Government Affairs: Longmont

September 27, 2019

Council Discusses Inclusionary Loophole

On September 24 the consideration of a proposal to meet inclusionary housing requirements with an alternative agreement led to a motion to revise the City’s Inclusionary Housing (IH) ordinance. A developer had asked for the voluntary agreement to move forward with a project at 708-710 Martin Street.

All inclusionary housing voluntary agreements require City Council approval. Originally, the developer wanted to build nine for-rent townhomes on the site, but City staff found that an existing home on the site had historical significance.  Then the developer revised the project’s scope to include six townhomes but keep the historic home. The developer asked the Council to approve a voluntary agreement with a reduced payment-in-lieu because of the staff’s requirement regarding the historic home.

According to the Inclusionary Housing ordinance, the payment-in-lieu (PIL) requirement is lower for rental properties than the payment for sale homes. Some members on Council decided this is a loophole. What if the developer applies for a rental project but then sells the property shortly after it is finished, seeing the lower PIL as a way to pay a lower fee? What recourse would the City have?

Staff informed the Council that the City has already considered this and will add a rule concerning to for-rent developments prohibiting their sale for two years. Christensen and Peck advocated for a revision to the ordinance, saying the staff proposal wasn’t adequate. After a lengthy discussion, Council agreed to ask staff revise the ordinance now, rather than waiting to see if other issues arise that require further revisions and avoid what City Attorney Eugene Mei called “serial revisions.” Staff will bring the Council an ordinance to revise IH to include the rental sale restriction in the near future. Expect debate over the duration of the covenant restricting the sale. Some councilors will argue for a lengthy period of time while others would prefer a shorter (2-year) restriction.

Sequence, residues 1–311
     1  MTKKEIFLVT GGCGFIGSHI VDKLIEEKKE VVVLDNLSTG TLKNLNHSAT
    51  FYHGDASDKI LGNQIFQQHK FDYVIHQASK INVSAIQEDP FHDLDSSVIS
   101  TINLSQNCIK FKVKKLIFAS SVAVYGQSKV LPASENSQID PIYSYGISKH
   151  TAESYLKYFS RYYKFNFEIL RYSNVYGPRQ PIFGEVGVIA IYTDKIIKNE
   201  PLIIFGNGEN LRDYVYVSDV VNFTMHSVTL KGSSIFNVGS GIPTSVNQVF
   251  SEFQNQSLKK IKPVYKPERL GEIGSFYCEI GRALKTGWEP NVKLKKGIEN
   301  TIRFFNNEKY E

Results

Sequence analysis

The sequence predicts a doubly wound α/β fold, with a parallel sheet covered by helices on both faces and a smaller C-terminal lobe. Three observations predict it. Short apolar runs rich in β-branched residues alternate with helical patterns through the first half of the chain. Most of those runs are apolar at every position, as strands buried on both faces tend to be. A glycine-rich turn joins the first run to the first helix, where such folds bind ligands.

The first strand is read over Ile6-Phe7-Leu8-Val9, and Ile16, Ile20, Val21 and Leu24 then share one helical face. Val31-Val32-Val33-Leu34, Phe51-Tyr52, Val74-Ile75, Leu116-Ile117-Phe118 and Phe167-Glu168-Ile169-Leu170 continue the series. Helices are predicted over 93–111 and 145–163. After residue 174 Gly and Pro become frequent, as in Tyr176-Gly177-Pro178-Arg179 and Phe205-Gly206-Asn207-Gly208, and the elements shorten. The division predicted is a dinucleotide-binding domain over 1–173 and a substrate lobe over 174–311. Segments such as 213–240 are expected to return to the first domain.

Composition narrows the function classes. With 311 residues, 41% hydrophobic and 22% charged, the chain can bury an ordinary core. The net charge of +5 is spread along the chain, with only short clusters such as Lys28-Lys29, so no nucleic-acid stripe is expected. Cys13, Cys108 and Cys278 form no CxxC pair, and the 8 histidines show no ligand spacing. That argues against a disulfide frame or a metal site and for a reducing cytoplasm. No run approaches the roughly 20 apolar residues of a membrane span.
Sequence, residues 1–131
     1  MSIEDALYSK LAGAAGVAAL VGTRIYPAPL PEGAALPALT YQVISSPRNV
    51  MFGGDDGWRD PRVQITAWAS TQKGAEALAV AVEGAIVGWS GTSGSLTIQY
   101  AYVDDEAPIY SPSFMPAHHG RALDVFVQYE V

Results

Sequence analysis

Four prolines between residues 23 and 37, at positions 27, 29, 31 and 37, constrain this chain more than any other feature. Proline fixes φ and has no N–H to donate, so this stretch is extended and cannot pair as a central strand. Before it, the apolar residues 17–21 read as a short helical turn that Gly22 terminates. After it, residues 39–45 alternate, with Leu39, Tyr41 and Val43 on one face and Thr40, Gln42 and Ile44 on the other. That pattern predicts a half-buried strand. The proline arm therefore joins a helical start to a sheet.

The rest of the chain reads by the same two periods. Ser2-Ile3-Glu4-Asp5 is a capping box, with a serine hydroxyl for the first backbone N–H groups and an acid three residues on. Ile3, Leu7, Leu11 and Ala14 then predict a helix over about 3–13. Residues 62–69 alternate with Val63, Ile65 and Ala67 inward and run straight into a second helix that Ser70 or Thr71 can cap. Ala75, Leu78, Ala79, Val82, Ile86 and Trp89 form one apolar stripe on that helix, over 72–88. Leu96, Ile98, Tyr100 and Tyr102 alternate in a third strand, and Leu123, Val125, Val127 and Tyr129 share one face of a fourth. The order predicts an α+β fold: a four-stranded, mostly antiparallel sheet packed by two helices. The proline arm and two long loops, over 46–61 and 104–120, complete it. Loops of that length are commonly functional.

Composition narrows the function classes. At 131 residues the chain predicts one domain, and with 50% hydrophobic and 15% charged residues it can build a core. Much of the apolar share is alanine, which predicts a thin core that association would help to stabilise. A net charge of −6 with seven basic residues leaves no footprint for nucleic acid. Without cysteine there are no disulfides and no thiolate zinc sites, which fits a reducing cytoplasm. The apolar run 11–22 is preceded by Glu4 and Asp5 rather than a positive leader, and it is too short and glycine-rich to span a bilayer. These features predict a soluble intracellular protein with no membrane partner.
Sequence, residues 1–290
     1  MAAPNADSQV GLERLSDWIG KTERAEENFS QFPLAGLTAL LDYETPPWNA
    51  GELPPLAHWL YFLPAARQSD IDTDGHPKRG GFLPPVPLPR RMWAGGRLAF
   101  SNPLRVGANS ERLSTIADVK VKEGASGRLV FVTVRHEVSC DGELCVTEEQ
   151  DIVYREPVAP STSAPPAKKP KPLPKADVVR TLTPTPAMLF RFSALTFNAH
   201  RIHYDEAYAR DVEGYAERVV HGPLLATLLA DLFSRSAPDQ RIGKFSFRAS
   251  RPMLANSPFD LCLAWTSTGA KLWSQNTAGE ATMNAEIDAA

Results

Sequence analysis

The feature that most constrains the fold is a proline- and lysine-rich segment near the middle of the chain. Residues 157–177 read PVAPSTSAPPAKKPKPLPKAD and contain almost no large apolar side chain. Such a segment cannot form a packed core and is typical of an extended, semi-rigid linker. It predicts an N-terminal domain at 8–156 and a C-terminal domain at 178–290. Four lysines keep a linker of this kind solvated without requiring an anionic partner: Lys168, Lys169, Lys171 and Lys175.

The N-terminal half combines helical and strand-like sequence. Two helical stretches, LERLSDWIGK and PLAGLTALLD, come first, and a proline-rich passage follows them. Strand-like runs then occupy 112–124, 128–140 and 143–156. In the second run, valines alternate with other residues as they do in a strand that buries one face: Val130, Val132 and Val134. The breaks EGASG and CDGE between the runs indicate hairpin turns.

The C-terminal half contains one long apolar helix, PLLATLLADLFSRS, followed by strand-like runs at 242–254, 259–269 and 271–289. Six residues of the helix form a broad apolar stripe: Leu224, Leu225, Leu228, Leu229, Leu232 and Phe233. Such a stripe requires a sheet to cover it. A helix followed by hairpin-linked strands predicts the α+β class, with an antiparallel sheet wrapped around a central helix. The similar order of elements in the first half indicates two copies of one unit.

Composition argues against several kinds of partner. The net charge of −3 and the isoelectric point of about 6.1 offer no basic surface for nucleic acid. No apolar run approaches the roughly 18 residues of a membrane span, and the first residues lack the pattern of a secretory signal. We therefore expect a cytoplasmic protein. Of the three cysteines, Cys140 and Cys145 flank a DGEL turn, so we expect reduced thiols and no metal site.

Regarding the development proposal, that prompted the debate, Mayor Bagley argued the applicant should not have to pay the PIL on the existing home and made a motion, which passed, to charge the developer a PIL for the six new units alone.

LAR Supports 3B

LAR’s Board of Directors voted to support City of Longmont ballot question 3B which will ask voters to approve a .18 percent sales tax – 18 cents on $100 to fund a new recreation center, including an aquatic center with a 25 yard by 50 meter pool for swimming lessons, lap swimming, water aerobics and competitive swim meets and a separate leisure pool plus a NHL sized ice rink for skating and league hockey.

The plan includes space for a second sheet of ice in the future. In addition, the proposed rec center will include an exercise area with equipment and studio space for classes. Space can be rented for parties and gatherings as well as meeting rooms. The project will cost $45.5M.

The location for this new facility is to be determined. The city has several locations in mind. More information is available here:

Why is this a REALTOR® issue? Adding these amenities in Longmont will improve the quality of life for current residents and encourage new businesses and workers to move here.


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